Virtue is Power

Thoughts on Virtue


9/9/20232 min read

The concept that "virtue is power" is both an ancient and deeply resonant idea, echoed in philosophies and spiritual teachings across the world. But the nuance that you must be capable of evil to be good adds a layer of complexity, challenging conventional narratives about morality and virtue.

Being virtuous isn't just about avoiding temptations or abstaining from the seven deadly sins—Lust, Gluttony, Greed, Sloth, Wrath, Envy, and Pride. It's about understanding these sins so profoundly that you could exploit them if you chose to, yet you actively choose not to. You decide to wield your power responsibly.

Consider Lust: The mere act of abstaining from porn is not the pinnacle of virtuous behavior. Instead, it's about evolving into a person who has the qualities—physical, emotional, intellectual—that make you attractive to others, thereby granting you the power to exploit Lust. Yet, in possessing this power, you choose restraint and meaningful connection over exploitation. This is where virtue transmutes into power.

It's the cultivation of self-mastery. Viktor Frankl once said, "Between stimulus and response, there is a space. In that space is our power to choose our response. In our response lies our growth and our freedom." This space is where true power resides. It's not just the capacity to do something; it's the cultivated wisdom to know when and how to do it—or to refrain from doing it altogether.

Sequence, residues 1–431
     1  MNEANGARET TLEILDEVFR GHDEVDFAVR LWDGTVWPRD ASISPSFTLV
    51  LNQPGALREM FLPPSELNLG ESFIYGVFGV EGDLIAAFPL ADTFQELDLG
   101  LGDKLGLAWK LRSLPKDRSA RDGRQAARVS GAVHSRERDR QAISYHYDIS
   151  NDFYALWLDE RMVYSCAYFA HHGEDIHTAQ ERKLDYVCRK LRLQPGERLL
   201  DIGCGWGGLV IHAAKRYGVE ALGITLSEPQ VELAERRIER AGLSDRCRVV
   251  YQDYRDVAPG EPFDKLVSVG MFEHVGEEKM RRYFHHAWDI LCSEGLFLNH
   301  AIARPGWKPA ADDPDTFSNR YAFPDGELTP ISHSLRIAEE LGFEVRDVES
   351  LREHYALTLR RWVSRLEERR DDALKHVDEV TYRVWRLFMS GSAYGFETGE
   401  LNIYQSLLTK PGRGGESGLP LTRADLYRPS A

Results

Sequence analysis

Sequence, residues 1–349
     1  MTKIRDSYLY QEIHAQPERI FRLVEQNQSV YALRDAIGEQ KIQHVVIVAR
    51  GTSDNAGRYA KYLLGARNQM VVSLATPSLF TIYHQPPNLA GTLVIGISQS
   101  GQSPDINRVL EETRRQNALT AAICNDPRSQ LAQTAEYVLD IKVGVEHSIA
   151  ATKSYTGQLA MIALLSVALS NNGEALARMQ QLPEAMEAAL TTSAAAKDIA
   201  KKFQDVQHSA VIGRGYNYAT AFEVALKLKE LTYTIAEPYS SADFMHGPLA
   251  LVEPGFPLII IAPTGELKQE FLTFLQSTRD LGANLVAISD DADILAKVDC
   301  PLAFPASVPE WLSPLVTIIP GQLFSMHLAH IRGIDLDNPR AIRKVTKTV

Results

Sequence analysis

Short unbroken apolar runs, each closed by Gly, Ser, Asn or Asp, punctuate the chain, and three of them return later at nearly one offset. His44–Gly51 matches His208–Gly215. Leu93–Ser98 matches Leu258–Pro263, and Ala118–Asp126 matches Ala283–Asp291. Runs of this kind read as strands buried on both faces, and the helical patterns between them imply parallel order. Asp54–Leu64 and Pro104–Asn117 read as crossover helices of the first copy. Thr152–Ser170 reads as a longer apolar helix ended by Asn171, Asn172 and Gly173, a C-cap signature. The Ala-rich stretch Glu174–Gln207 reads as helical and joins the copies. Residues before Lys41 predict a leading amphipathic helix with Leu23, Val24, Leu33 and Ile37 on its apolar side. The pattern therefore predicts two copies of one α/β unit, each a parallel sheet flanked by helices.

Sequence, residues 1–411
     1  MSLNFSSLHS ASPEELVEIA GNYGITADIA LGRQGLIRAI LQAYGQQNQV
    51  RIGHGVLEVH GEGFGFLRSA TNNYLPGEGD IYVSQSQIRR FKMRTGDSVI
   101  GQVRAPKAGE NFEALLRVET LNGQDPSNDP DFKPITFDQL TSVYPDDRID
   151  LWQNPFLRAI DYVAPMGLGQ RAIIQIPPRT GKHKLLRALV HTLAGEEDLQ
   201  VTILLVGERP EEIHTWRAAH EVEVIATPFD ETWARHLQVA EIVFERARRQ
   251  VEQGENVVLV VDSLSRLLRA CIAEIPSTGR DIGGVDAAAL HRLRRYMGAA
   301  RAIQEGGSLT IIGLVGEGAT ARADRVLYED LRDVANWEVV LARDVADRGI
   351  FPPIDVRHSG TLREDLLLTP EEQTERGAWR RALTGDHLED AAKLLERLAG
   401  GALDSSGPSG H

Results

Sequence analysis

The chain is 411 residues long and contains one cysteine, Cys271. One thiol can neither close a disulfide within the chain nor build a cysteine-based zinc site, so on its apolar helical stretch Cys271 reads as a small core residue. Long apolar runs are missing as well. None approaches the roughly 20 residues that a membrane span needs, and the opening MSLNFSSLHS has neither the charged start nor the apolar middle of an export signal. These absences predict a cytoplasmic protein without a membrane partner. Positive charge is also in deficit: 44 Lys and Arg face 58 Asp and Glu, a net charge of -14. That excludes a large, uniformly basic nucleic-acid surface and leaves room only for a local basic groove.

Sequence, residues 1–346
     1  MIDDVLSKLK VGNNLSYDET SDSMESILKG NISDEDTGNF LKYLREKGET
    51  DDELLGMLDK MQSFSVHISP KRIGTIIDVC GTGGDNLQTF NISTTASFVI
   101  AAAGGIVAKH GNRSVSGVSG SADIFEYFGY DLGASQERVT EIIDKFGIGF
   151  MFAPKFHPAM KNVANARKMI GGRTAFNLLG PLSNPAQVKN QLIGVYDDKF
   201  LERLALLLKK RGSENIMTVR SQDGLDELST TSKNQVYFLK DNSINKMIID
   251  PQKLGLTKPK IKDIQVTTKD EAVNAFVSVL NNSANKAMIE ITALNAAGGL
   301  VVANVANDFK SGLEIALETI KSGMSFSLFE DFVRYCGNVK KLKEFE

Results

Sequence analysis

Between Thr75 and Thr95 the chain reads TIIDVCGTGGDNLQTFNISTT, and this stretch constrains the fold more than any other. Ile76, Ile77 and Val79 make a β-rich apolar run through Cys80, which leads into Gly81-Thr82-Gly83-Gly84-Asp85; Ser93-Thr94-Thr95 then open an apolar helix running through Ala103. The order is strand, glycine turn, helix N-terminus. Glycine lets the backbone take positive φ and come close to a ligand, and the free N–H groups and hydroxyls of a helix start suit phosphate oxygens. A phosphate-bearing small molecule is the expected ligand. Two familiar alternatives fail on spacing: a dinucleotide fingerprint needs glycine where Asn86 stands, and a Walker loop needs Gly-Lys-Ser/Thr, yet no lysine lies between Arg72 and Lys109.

The same concept applies to the other sins. Take Greed. Becoming financially successful and gaining the kind of wealth that could easily be exploited for greedy purposes is a form of power. Yet, the virtue lies in your ability to handle this wealth with grace, benevolence, and a sense of duty to help others.

So, earning virtue is indeed a journey into the darker potentials of human nature. As a man, you're not just handed a moral compass and told to follow it. You forge it in the fires of temptation, trial, and potential exploitation. You learn how to be good by understanding deeply the mechanics of what could make you "bad." It's in that complex, gray zone of human potential that true virtue—and thus, true power—is cultivated. This is the kind of mature, earned virtue that transforms not just individuals but also communities and, potentially, generations.